| ALEXANDRIA, Va.
ALEXANDRIA, Va. Feb 15 U.S. prosecutors on
Tuesday clashed in federal court with associates of WikiLeaks
founder Julian Assange over a request for their Internet
records in a probe into the leaking of secret U.S. diplomatic
Prosecutors in Virginia obtained a court order on Dec. 14
requiring the social media site Twitter to turn over records
for Assange, U.S. Army intelligence analyst Bradley Manning who
is suspected of the leak and several others.
Birgitta Jonsdottir, a member of Iceland's Parliament, and
two others who were among those targeted by the court's order
sought to quash it and demanded the court unseal orders for
their records from other service providers so they could also
seek to quash them too.
U.S. Magistrate Judge Theresa Buchanan, who issued the Dec.
14 order, did not rule from the bench on Tuesday after more
than an hour of oral arguments between the two sides. She said
she would issue a written opinion but gave no timetable.
Prosecutors, who in court described the investigation as in
its "preliminary stages," have been casting a wide net to
determine whether Assange broke any laws related to his
publication of thousands of leaked diplomatic cables on his
Manning is suspected of leaking the documents and is in
military custody. WikiLeaks published the classified cables,
some of which offered candid and embarrassing assessments of
foreign leaders, and also military documents related to the
wars in Iraq and Afghanistan.
Buchanan's order sought about seven months of information
from Twitter about the targeted individuals, such as whom they
communicated with and when, whom they followed, and who
followed them regardless of any connection to WikiLeaks.
Prosecutors also sought data about how they logged in,
which could identify their location.
Lawyers for Jonsdottir and the two others argued that the
prosecutors' requests were too broad, violating rights under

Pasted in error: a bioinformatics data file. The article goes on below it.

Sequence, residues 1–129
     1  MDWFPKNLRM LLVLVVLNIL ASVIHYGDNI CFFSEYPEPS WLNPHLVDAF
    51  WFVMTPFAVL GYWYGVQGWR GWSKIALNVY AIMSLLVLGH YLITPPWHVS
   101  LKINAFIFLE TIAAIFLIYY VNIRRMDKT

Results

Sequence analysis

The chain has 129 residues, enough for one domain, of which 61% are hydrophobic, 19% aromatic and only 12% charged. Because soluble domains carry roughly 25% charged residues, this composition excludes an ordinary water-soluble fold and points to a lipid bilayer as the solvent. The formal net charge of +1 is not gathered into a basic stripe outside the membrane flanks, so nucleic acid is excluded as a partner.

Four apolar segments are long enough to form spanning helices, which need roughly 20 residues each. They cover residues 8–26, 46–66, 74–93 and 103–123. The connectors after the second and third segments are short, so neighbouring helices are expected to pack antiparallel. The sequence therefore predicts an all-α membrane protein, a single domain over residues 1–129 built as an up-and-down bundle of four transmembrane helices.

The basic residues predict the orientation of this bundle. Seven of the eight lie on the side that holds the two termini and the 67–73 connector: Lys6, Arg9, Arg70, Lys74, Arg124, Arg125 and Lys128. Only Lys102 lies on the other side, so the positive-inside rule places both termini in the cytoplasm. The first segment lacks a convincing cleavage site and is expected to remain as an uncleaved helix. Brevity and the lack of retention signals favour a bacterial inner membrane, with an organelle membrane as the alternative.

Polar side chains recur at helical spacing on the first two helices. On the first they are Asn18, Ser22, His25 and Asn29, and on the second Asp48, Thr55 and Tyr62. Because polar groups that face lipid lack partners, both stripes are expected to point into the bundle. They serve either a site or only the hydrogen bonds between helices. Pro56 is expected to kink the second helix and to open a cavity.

the U.S. Constitution that protects free speech and freedom of
association and that limits searches.
"If they want to go on a fishing expedition, they should
get a search warrant or a subpoena," said John Keker, a lawyer
for those targeted in the order. He argued that the prosecutors
"couldn't justify an order as broad" as granted by Buchanan.
Prosecutors defended their request for the information as
akin to a routine request in seeking telephone records and
emphasized they were not seeking the content of the
conversations between the individuals.
"This is a standard investigative measure used every day of
the year all across the country," said John Davis, representing
the prosecutors, adding that the requests were for the records
of a handful of individuals, "no showing of overbreadth."
Lawyers for Jonsdottir and the others, Dutch activist Rop
Gonggrijp and American computer security researcher Jacob
Appelbaum, also pressed the judge to release any other similar
orders for records.
They argued that because the Twitter order was released,
there was no harm to the investigation by unsealing any others
Prosecutors opposed that request as well, telling the judge
that it would "damage the ongoing investigation."
(Editing by Cynthia Osterman)